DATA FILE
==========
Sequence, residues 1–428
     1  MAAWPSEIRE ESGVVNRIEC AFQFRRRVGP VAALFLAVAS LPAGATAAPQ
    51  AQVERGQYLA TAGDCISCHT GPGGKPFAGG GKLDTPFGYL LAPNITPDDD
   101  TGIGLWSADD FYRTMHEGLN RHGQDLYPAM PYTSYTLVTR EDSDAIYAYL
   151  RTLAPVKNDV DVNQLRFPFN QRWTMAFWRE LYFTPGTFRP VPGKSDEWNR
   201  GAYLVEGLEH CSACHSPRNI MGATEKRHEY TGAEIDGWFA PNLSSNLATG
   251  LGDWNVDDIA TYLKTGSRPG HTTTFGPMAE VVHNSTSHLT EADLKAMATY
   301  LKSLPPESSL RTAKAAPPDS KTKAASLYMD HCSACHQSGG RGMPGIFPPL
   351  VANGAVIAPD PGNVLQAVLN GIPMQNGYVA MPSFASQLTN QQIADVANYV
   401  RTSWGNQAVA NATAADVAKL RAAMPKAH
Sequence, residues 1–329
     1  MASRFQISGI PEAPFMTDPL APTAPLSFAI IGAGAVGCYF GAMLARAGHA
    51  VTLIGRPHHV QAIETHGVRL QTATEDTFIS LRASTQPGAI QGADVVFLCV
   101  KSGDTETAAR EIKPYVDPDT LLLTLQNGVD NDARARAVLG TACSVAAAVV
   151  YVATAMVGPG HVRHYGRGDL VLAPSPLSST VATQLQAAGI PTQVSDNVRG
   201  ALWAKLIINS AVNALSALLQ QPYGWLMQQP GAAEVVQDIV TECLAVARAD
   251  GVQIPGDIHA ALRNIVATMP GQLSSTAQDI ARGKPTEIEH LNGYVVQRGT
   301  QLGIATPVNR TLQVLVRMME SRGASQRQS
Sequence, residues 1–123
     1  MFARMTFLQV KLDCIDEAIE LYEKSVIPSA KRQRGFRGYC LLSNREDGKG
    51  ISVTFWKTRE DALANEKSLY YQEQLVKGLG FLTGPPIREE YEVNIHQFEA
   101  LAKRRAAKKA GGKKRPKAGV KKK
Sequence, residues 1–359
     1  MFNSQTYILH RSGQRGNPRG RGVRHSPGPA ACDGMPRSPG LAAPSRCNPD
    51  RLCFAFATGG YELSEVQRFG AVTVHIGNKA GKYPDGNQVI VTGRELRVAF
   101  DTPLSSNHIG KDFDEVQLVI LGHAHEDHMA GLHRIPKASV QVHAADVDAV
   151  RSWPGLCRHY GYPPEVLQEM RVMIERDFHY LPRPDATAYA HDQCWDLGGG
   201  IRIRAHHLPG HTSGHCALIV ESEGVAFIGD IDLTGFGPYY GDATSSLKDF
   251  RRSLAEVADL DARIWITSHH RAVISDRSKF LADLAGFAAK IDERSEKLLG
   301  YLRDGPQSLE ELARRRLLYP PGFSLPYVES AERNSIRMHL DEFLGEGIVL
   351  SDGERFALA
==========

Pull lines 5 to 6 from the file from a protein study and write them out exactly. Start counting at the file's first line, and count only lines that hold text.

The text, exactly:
   151  RTLAPVKNDV DVNQLRFPFN QRWTMAFWRE LYFTPGTFRP VPGKSDEWNR
   201  GAYLVEGLEH CSACHSPRNI MGATEKRHEY TGAEIDGWFA PNLSSNLATG